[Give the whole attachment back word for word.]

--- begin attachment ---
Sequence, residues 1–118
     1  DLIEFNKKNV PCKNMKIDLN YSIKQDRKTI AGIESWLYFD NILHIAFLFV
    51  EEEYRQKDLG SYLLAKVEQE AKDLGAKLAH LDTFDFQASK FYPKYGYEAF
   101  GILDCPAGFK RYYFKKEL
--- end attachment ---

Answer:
Sequence, residues 1–118
     1  DLIEFNKKNV PCKNMKIDLN YSIKQDRKTI AGIESWLYFD NILHIAFLFV
    51  EEEYRQKDLG SYLLAKVEQE AKDLGAKLAH LDTFDFQASK FYPKYGYEAF
   101  GILDCPAGFK RYYFKKEL